Want to get on more podcasts? There’s something you need to know: There are SO many bad podcast pitches.
From the shameless to the clueless, standing out is as easy as showing the host you care more about their audience than about your personal PR. To do that, AVOID these Bad Pitch Archetypes.
Bad Pitch Archetypes
If you’re a seasoned podcast host, you will likely recognize some of these bad pitch archetypes. They are tired, lazy, and try to cast a wide net. They are the:
- Shameless Self-Promoter
- Paid Promoter
Each of these pitches could be good with a few tweaks. But we’ll get to that later. For now, onto the bad pitch archetypes!
They want to get on your show for one reason, and one reason only: They are the greatest thing since sliced bread. Their whole pitch revolves around why it would be your great honor to have them.
How to avoid being the Bragger:
Focus on what you can do for the audience, not what you think of yourself.
The Shameless Self-Promoter
They really need the free press your audience brings, so their whole pitch is about promoting their company, product, or event. Not only should you have them on, but you need to publish the episode by a specific date!
How to avoid being the Shameless Self-Promoter:
Remember that this is not YOUR show. Your sole goal should be providing value, now hawking your wares.
Someone told them they should go on more podcasts, so they just picked the ones that showed up in whatever search they did. They don’t know anything about your show. They just want to be on it, and their pitch makes that clear.
How to avoid being the Ignoramus:
Know a little bit about the shows you’re pitching. Read descriptions, listen to an episode. Figure out who the show talks to and how it frames content.
They don’t have the time to do real research and find the contact info for the show they actually want to pitch, so they pitched the closest sounding one. You my not be the host of that show, but it will get to where it needs to go, right?
How to avoid being the Stray:
Just like the Ignoramus, this happens due to lack of research (and caring). Try reaching out to the host on LinkedIn and forming an actual relationship!
You had an episode where you talked to someone else about their area of expertise, but really, you should talk to them too. So their pitch is about that episode, and how they want to talk about the same exact thing.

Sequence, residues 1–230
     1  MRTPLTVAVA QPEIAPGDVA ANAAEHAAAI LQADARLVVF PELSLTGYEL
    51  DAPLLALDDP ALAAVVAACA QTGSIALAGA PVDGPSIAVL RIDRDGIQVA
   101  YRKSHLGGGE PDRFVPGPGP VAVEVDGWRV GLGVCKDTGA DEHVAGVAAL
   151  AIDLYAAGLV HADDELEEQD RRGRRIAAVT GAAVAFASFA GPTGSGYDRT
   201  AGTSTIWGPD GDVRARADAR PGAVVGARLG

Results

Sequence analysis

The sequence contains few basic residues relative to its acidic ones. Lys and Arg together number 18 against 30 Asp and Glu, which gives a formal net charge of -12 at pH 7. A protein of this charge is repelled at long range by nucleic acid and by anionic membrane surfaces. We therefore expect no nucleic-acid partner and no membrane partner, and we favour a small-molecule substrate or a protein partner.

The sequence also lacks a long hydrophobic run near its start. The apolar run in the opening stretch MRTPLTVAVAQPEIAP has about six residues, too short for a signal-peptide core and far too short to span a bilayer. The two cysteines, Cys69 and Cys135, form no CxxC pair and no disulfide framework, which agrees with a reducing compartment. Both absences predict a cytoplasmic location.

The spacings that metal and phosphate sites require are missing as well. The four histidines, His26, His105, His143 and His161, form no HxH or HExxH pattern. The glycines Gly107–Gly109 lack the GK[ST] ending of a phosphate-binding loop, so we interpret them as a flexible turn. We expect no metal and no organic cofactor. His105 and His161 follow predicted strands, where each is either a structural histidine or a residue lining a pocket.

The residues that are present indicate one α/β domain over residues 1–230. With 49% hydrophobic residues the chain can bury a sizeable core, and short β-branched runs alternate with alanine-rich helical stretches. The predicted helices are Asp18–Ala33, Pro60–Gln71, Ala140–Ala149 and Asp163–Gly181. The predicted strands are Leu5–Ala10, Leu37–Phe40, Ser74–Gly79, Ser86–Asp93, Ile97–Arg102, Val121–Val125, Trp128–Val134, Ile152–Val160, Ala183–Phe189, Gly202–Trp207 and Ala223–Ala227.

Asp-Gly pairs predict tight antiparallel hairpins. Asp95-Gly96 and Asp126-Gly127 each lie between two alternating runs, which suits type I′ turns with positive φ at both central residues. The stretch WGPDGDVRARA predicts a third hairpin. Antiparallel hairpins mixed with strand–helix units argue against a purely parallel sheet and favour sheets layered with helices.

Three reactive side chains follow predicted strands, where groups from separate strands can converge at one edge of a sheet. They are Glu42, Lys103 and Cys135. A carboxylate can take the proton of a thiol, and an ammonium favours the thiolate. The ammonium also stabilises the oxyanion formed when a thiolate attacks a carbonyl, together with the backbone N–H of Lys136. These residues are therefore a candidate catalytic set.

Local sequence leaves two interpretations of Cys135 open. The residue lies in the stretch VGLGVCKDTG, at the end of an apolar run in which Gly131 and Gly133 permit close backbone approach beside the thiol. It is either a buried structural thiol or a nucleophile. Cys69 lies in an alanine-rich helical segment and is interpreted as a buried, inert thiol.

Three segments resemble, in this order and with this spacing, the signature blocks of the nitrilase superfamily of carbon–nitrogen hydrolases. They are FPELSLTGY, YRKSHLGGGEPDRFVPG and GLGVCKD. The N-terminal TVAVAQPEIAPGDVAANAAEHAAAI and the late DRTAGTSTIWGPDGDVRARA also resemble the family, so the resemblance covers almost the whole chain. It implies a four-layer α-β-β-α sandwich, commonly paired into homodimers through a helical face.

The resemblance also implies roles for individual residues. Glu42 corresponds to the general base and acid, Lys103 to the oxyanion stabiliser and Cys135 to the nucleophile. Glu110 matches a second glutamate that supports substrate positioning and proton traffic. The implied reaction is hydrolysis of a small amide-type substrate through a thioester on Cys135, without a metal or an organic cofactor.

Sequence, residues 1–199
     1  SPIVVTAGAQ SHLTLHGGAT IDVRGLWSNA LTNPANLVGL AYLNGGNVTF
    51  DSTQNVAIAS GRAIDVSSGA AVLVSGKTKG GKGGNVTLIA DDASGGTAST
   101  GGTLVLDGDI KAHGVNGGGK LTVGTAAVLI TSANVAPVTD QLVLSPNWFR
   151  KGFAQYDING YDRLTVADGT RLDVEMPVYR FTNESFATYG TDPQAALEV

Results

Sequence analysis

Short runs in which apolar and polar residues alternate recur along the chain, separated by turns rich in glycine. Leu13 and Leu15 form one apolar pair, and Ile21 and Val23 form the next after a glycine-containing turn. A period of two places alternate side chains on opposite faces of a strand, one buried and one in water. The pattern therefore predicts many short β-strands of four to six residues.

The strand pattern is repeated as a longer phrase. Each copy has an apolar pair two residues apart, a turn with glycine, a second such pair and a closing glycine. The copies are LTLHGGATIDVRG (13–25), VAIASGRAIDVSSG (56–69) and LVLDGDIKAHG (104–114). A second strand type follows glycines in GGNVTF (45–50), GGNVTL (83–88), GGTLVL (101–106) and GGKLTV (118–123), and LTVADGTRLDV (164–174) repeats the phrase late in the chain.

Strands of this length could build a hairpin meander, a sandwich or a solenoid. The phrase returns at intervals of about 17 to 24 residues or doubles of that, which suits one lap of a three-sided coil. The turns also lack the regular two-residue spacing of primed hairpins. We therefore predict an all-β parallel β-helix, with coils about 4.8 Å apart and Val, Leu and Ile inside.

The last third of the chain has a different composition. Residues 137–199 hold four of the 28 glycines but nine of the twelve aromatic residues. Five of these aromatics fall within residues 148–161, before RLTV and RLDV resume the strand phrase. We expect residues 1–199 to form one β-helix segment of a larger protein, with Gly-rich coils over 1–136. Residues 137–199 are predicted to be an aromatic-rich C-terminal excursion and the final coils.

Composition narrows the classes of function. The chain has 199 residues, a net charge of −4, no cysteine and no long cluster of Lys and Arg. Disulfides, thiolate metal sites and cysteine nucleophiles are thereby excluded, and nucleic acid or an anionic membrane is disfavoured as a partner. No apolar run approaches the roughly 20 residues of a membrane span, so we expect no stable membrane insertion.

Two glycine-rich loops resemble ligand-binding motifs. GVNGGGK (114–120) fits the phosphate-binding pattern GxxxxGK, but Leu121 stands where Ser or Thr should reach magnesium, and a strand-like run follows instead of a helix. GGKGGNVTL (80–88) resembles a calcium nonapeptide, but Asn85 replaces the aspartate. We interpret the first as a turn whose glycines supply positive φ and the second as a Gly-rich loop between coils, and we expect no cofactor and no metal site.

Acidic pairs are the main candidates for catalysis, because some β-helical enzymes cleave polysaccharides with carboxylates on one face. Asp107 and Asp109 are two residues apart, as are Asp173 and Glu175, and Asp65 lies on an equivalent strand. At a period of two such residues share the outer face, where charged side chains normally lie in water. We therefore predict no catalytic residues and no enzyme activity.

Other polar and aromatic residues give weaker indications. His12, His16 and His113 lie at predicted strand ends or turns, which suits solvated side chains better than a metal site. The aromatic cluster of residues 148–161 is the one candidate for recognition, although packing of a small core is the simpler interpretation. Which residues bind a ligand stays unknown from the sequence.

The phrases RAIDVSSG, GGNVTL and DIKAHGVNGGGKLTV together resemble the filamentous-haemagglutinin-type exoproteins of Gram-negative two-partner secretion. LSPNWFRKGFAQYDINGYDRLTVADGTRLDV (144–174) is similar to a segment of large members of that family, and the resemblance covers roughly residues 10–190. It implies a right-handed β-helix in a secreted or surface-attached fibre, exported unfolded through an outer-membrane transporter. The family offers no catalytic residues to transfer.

How to avoid being the Copycat:
Instead of pitching the same topic, but a totally different spin on it, or choose a different niche. Recent guest on building an email list? Pitch opt-in strategies or newsletter swaps.
They say flattery will get you nowhere, but that’s not what this person believes. Their pitch is less a pitch and more a bunch of compliments about you, then assuming you’re flattered enough to invite them on.
How to avoid being the Brown-Noser:
Remember for most podcasters, it’s not about them, it’s about the audience. Think about how you can bring value to the listeners…that’s the ultimate compliment!
They have a podcast and they really want to talk to you…but they’d rather do it on your show. Their pitch is disguised as an invitation on their podcast. Then when you’re scheduled they ask to come on yours…you know, as a little quid pro quo, right?
How to avoid being the Reciprocator:
If you want to do a podcast swap, be up front about it! It’s perfectly fine to swap guest spots, but don’t be sneaky about it.
This person knows you personally either via some community, or in real life. And they figure that’s all they need to get on your show, so instead of a pitch, they basically just ask you to go on your podcast. What will they talk about? Who knows…but you’re friends, right? and that’s all that matters.
How to avoid being the Buddy:
Don’t put your friend in a tough spot…especially if you don’t listen to their show! If you want to go on, suggest a topic and why it would help their audience.
The Paid Promoter
A good podcast agent
is someone who forges relationships with podcasters by pitching them good guests… make it less work for you. But this person doesn’t know that. It’s all just a numbers game, right? So they cast a wide net, pitching all of their clients to you and hoping something sticks.
How to avoid being the Paid Promoter:
OK well you probably can’t avoid being a paid promoter. But you can buck the trend by knowing pitch your clients isn’t a numbers game. It’s a relationships game. I can blindly pitch 100 shows in a day. But I can’t form bonds with shows like you can.
Avoid Sending a Bad Pitch
As you pitch podcasts, remember the big takeaways here.
First, it’s about the listener. Most podcast hosts know that their show is in the service of their audience. If you can show them you can bring value to their listeners while also making their job easier, it should be an easy yes.
Next, do your research. If you’re going to pitch a podcast host, make sure you’re pitching something that aligns with their show’s mission statement. Look at recent guests and topics, read the description, and maybe even listen to an episode. It will put you well ahead of every other pitch they get.
Finally, don’t just make a generic pitch. Once you know it’s about the listener and have a little research under your belt, have 3-4 topics you can pitch at any given time. Pick the best 1 or 2 for that show.
That’s it! Go forth and pitch better!
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